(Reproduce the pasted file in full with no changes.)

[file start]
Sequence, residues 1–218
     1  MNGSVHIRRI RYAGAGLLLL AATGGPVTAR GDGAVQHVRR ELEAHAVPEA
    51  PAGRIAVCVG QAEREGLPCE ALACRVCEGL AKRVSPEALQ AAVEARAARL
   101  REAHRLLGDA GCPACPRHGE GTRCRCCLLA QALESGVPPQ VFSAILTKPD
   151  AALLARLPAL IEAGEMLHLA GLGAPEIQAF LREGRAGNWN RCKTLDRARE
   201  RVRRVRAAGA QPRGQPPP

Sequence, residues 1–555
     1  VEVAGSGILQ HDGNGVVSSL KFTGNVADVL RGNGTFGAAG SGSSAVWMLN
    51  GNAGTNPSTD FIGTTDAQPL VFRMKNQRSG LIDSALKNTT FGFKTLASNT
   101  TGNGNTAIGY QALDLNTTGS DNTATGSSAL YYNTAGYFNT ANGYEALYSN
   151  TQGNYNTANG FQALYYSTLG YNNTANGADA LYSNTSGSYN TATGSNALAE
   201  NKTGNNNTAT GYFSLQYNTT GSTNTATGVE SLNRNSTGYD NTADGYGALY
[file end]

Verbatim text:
Sequence, residues 1–218
     1  MNGSVHIRRI RYAGAGLLLL AATGGPVTAR GDGAVQHVRR ELEAHAVPEA
    51  PAGRIAVCVG QAEREGLPCE ALACRVCEGL AKRVSPEALQ AAVEARAARL
   101  REAHRLLGDA GCPACPRHGE GTRCRCCLLA QALESGVPPQ VFSAILTKPD
   151  AALLARLPAL IEAGEMLHLA GLGAPEIQAF LREGRAGNWN RCKTLDRARE
   201  RVRRVRAAGA QPRGQPPP

Sequence, residues 1–555
     1  VEVAGSGILQ HDGNGVVSSL KFTGNVADVL RGNGTFGAAG SGSSAVWMLN
    51  GNAGTNPSTD FIGTTDAQPL VFRMKNQRSG LIDSALKNTT FGFKTLASNT
   101  TGNGNTAIGY QALDLNTTGS DNTATGSSAL YYNTAGYFNT ANGYEALYSN
   151  TQGNYNTANG FQALYYSTLG YNNTANGADA LYSNTSGSYN TATGSNALAE
   201  NKTGNNNTAT GYFSLQYNTT GSTNTATGVE SLNRNSTGYD NTADGYGALY